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Scherzer prefers another 20-strikeout game over no-hitter originally appeared on NBC Sports Washington
When you're as dominant a pitcher as Nationals ace Max Scherzer has been throughout his career, you're bound to leave your mark on baseball's record book.
That's been the case for Scherzer, who is one of the two or three most prolific pitchers of his era. He has reached heights that only a handful of pitchers in MLB history have reached, and he still has a few more years to go to add to his accomplishments.
Two of his most notable single-game achievements are his no-hitters and his 20-strikeout game. But if you ask him if he'd prefer to top his 20-strikeout performance or throw another no-no, he knows exactly which he'd prefer.
"Give me 21 [strikeouts]," Scherzer said on an appearance on The Chris Rose Rotation podcast. "I enjoyed my 20-strikeout game more than my no-hitters. When I reflect upon that, when I look backwards, that’s just a sign of getting after it to strike out 20."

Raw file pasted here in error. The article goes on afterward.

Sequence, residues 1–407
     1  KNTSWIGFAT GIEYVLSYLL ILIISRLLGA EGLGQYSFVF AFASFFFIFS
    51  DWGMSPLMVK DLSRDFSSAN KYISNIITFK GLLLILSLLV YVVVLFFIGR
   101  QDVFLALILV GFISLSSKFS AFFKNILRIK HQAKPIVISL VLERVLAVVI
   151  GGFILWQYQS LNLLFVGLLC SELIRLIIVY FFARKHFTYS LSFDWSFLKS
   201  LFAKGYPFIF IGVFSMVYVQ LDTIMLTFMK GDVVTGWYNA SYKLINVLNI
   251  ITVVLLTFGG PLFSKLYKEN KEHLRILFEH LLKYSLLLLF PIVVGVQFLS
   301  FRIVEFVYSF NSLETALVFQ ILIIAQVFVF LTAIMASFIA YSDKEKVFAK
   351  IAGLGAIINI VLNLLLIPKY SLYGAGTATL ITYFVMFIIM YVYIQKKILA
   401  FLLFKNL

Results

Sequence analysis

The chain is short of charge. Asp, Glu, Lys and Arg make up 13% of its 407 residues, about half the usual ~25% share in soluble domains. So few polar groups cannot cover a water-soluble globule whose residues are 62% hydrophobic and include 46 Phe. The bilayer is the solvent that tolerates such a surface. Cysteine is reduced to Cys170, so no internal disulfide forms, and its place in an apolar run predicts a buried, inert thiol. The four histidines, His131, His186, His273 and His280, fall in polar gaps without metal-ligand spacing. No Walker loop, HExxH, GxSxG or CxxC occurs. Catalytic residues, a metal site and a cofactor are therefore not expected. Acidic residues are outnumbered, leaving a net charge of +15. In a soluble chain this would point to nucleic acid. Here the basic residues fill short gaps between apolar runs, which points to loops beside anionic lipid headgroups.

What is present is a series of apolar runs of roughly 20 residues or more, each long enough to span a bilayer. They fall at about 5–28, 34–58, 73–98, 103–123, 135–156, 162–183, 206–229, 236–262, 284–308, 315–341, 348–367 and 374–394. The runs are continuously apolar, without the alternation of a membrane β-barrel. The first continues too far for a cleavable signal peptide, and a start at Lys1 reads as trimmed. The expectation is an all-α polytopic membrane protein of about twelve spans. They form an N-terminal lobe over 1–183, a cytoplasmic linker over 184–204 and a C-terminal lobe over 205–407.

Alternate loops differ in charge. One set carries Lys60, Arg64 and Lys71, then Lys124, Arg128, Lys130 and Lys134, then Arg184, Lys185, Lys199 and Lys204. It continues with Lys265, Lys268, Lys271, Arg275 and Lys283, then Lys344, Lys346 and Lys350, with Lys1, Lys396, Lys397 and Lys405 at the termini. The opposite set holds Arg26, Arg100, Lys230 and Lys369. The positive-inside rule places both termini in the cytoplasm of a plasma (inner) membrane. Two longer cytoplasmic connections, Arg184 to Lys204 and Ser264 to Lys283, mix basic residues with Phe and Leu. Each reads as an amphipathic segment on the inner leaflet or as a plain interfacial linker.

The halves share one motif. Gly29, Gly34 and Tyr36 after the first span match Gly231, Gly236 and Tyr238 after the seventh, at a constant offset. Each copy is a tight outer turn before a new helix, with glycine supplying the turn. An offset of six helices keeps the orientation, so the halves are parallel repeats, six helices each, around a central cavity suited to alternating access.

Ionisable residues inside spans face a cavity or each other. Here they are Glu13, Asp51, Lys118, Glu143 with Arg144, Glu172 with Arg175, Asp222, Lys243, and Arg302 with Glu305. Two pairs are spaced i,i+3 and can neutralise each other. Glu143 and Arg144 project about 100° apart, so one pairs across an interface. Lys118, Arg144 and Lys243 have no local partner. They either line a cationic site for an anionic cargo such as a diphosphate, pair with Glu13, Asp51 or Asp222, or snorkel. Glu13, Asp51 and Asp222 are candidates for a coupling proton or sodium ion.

For Lucas Giolito, one of the podcast's co-hosts and a former teammate of Scherzer's in Washington, there was no doubt what Scherzer was going to say.
"I knew that was going to be the answer," Giolito said immediately.
Scherzer's 20-strikeout game was the more rare achievement, for sure. Only three other pitchers in MLB history have struck out 20 batters in nine innings, including Roger Clemens (twice), Kerry Wood and Randy Johnson. It's a much more exclusive list than no-hitters, of which there have been over 300, though nearly 100 of those game prior to the start of the Live Ball Era in 1920.
Of course, throwing his third career no-hitter would also put Scherzer in rarified air. Only six pitchers have at least three no-hitters, and two of them pitched prior to 1920.
In general, Scherzer seems to prefer longevity and durability over that one special afternoon, though. In the same interview, he also admitted he would rather throw 4,000 career strikeouts than toss an elusive perfect game.
Either way, Scherzer appears poised to continue to make baseball history at least a few more times before his Hall of Fame career wraps up.